The Clinton Global Initiative (CGI) arrived in early fall in the midst of local and world tumult. It was the week of the UN General Assembly, and the week the Pope came to town. Diplomats were entering the final preparatory stages for the urgent Paris Climate Change conference in early December. Political pressure was rising in the US with presidential candidates Hillary Clinton and Bernie Sanders soon to embark on their first debate.
In the midst of all this, CGI created the context for a wide variety of world leaders to make big commitments about improving the world. Over the last decade CGI has become a sort of Davos-on-US-soil, distinguishing itself with a focus on action and innovation, both in international and local development. There’s a heavy emphasis on peace processes and democracy, as well as attention to infrastructures of healthcare, education, energy and aid for those in need.
The event is a wildly elaborate production, yet it conveys a sense of intimacy and care thanks to the presence of former President Bill Clinton and his daughter Chelsea. I attended as new member of LEAD, a mentor-mentee program that will support CGI University, which in April convenes a thousand future ‘change-preneurs’ at UC Berkeley. Somehow the Clintons convey a sense of both duty and empathy. Remarkably, there was no mention to Hillary’s campaign except indirectly, in a sharp few words from President Clinton about about Donald Trump. “One shouldn’t be able to insult or resent your way into the White House,” he said on stage.
The themes of the conference fall into four rough categories:
-Democracy and human rights
-The realities of climate change and the need to support biodiversity
-Health issues, including Ebola and other epidemics as well as non-communicable diseases, including depression and PTSD
-New technologies and Silicon Valley’s potential for social impact
There was a clever mix of the present and future., Tough topical questions got attention, like the Greek financial situation and the risk of so-called Grexit from the European Union, the Ukrainian challenges posed by Putin, and the tragic Syrian refugee crisis and its geopolitical ripples. But there were also sessions on things like Sylvia Earle’s efforts for ocean conservation, and Richard Branson on space exploration, the ultimate luxury tourism. But he believes it benefits humanity.
One vibrant moment was a discussion about southern Europe’s pressing challenges moderated by CNN’s Fareed Zakaria, which included Bill Clinton with former Greek Prime Minister Alexis Tsipras, current Italian Prime Minister Matteo Renzi and the inimitably opinionated George Soros. Renzi seemed to be boxing his way into the league of great politicians– some describe him as the Bill Clinton of Italy. He made it clear he didn’t like one implicit assumption during the panel–that Italy might become the next Greece. This followed a discussion in which Greek businesswoman Gianna Angelopoulous defended the deal Greece negotiated to reboot its economy, while a very skeptical Joseph Stiglitz argued that the debt burden would still prevent sufficient growth to allow the country to recover.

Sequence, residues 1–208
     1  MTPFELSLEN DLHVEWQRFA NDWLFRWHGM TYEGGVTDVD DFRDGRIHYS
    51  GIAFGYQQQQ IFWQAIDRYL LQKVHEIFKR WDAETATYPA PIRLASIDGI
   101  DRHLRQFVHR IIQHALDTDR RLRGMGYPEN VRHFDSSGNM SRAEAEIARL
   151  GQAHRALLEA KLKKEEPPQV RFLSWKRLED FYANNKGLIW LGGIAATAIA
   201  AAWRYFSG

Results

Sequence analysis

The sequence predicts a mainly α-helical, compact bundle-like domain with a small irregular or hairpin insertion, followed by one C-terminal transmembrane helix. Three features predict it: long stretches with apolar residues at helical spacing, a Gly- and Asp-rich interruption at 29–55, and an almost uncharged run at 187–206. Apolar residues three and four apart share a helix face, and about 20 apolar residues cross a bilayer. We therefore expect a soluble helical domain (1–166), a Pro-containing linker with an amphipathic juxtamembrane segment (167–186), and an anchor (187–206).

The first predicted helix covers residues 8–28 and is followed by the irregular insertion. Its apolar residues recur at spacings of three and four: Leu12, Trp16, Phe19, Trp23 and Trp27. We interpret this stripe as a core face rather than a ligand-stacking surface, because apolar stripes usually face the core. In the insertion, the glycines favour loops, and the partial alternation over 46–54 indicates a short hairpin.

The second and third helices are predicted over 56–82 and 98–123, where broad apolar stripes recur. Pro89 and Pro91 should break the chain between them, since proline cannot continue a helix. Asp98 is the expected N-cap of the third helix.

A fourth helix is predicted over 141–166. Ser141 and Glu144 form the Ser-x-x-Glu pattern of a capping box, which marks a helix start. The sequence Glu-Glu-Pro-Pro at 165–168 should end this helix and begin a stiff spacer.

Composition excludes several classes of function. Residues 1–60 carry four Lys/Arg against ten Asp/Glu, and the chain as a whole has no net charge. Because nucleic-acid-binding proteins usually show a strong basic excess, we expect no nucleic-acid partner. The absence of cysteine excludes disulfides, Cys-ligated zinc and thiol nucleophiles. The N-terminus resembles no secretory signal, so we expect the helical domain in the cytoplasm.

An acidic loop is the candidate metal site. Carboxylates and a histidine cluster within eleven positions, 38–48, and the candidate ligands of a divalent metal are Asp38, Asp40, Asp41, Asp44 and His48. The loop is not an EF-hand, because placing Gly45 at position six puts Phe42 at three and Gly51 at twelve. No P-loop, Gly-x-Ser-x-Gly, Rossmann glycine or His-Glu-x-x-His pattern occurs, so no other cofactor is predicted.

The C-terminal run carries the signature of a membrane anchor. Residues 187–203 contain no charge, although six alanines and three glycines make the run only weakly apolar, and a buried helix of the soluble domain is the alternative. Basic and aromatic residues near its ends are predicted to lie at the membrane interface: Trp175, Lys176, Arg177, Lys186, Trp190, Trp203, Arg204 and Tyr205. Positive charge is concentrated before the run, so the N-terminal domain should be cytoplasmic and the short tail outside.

There were a number of awards and initiatives. One prize went to a way to address education in the most remote places via mobile telephony. Then there were the Clinton Citizen Awards.
Bill Gates impressively lectured this group of experts on the future of global health and how we could make significant impact. The Gates Foundation has become the world’s second largest funder of health and development innovation after the U.S. government.
Jessica Biel and Charlize Theron brought a bit of glitter to the production but also moved many in the audience with their seemingly genuine passion for their projects–WomanCare in the case of Biel, and the Africa Outreach Project for Theron. It underscored a main tenet of this event: that celebrity can be used for good.
Technology was everywhere. Even less techno-literate leaders seemed to marvel at how technologies can help entire nations leapfrog and become more competitive. Astronomer Neil deGrasse Tyson kicked off one session by speaking with Pepper the Social Humanoid Robot. He even hugged and fist-pumped the machine.
Meanwhile the general public still has big doubts about AI and the possibility of massive job losses, as robots rise as alternatives to human labor. The stage appearance of the robot, a kind of “polemical product,” was perhaps intended as a wake-up call so those in charge can become more aware of the need to be smart and ready for what automation may soon bring us.
The conference also showcased Virtual Reality (VR) as a kind of tool for empathy. The idea is that it may open possibilities for new storytelling to help bring those in developed countries closer to the reality of life in the developing ones. CGI showed a VR mini-documentary called “Inside Impact” that took conference-goers inside modern Kenya, including its notorious Kibera slum, the largest in Africa.
After several days of looking at the world with clear-eyed optimism and watching performances including those by Tony Bennett and Ben Harper, a certain nostalgia set in. It was palpable when President Bill Clinton closed the conference with Elizabeth Holmes of Theranos and Jack Ma of Alibaba. (This was before Holmes was hammered by a devastating investigative report in the Wall Street Journal.) Both Holmes and Ma spoke of the need for business to scale needed solutions that the public sector cannot.
President Bill Clinton’s last sentences could have come from the Dalai Lama himself. He said combining action with wisdom is the key ingredient to create a more balanced world.
Architect and futurist Thomas Ermacora is Director of Clear-Village.Org & MachinesRoom.Org. He co-authored Recoded City: Co-Creating Urban Futures, to be published in December.